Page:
General Question

phoenyx's avatar

Should a U.S. president talk to U.S. adversary leaders?

Asked by phoenyx (7380points) June 3rd, 2008

Does it legitimize them? Is it negotiating with terrorists? Is it good to understand your enemy? Is it an effective punishment? Is it naive?

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12 Answers

jlm11f's avatar

Yes. Yes. No. Yes. what do you mean? and No. Obama ‘08 The best politicians (and presidents) are diplomats, not military leaders.

jrpowell's avatar

I think you might be placing to much importance on the President of the United States. Do you really think other leaders really care if the President won’t talk to them? I wouldn’t. I would actually tell him to “fuck off” if he wanted to talk to me.

Does it legitimize them? They are already the leader of their country. I’m sure they already feel legitimate.

Define terrorist? Some would see talking with us as negotiating with terrorists.

It would be best to have a conversation with our “enemies.” Maybe they will stop be our enemies after a glass of wine and a hot stone massage.

Like I said. I’m not sure if anyone considers it a punishment. I don’t really care when a child gives me the silent treatment.


ebenezer's avatar

I always use the silent treatment to get what I want. Seems now I have no one else to use it on now… I’m sure people on fluther will really regret getting on my bad side when I just stop talking all together.

wizard's avatar

@ebenezer, Not talking vs. Not visiting. same thing

ebenezer's avatar

Wizard- I can still visit.

sinscriven's avatar

I think it’s pathetic that we as a society degenerated to the point where diplomacy is considered pandering or a weakness.

iwamoto's avatar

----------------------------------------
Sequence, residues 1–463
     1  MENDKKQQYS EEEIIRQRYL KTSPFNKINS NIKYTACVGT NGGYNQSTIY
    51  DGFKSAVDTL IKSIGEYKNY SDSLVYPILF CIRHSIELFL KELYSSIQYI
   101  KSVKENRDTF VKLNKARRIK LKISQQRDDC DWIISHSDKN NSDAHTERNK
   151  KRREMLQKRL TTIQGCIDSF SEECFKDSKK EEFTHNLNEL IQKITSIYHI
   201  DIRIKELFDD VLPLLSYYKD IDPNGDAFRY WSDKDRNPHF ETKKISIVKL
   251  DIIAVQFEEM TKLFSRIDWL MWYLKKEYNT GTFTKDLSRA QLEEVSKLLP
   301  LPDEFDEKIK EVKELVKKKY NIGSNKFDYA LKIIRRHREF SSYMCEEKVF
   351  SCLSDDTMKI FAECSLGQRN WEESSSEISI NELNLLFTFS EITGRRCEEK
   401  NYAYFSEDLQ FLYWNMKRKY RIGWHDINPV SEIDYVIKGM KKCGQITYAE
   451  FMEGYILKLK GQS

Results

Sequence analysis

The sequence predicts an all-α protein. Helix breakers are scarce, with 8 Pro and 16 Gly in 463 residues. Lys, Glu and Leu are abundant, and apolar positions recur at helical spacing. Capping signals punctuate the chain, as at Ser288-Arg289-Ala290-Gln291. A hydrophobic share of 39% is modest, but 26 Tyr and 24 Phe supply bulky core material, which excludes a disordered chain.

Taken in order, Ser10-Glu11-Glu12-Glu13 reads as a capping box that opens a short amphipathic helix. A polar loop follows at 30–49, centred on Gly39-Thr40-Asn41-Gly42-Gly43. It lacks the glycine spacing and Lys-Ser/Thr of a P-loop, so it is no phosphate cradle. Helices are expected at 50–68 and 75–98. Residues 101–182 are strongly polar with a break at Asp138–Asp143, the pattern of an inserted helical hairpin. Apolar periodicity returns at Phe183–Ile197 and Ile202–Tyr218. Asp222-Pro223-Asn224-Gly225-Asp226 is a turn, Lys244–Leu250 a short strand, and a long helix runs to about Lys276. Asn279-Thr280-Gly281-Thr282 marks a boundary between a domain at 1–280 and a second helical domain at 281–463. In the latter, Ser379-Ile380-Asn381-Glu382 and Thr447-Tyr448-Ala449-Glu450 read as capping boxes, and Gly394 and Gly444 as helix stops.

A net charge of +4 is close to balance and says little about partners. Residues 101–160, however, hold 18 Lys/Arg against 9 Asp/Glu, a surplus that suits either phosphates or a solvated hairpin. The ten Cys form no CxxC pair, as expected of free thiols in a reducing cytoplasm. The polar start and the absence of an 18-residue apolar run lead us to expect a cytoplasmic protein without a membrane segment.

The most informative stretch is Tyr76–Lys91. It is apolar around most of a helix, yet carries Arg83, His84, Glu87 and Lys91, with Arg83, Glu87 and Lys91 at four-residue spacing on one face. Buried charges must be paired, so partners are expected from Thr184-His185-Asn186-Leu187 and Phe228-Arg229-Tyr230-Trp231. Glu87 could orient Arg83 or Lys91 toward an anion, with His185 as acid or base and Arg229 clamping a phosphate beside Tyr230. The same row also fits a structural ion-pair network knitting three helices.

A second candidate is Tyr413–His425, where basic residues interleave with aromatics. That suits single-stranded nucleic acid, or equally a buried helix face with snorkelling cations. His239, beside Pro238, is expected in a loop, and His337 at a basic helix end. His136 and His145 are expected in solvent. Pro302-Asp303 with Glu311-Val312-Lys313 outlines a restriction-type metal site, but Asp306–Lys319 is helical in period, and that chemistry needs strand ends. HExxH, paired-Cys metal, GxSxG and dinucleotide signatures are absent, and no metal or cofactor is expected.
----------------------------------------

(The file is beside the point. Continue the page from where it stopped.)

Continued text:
terrorists…or freedom fighters? , it all depends on you alignment of good and evil

seVen's avatar

I think there should be spies infiltrating your enemy territory first in order to find out what’s up, especially in todays’ nuclear power world .there’s no room for any error .

Harp's avatar

Frankly, the “silent treatment” is often intended more as a message to U.S. constituencies than to the governments we’re snubbing. That’s clear from the inconsistent way we apply the policy. Does our new buddy China really have more claim to legitimacy or a better human rights record than does Cuba? We take a hard line on Cuba to appease the Florida Cubans. Likewise, much of our posturing in the Middle East is about maintaining our image as good supporters of Isreal, again because a sizeable voting block is at stake. It seems that Isreal can do no bad in our government’s eyes.

The rest of the world sees right through all of these inconsistencies, which in effect weakens our diplomatic leverage.

Vicseay's avatar

Yes….and make it plain that if they mess with us…we will kick their butts!

iwamoto's avatar

aaah, good old ignorant patriotism, these topics are real comedy gold

WestRiverrat's avatar

What the President is doing is often a smoke screen for the serious negotiations being conducted by the State Department and its employees behind the scenes.

The president should not be seen as getting involved in negotiations until the deed is almost done.

Take Israeli-arab negotiations for instance. Carter earned a Nobel Prize for bringing Begin and Sadat together at Camp David. When the Camp David accords were just the window dressing for the previous years of negotiations conducted by the State Department under Nixon, Ford and Carter. The conduct of the Egyptian troops in the Yom Kippur War had an immense impact on bringing Israeli/Egyptian negotiations.

Contrast that to Clinton’s handling of the Palestinian/Israeli negotiations. They brought them out into the public eye prematurely so both sides had to back off and take a hard line to keep their citizenry from throwing them out.

If Clinton would have brokered the talks but kept them out of the front pages, they may have had a chance of working. If they folks on the ground were introduced to an almost done deal, they would have had less time to object violently.

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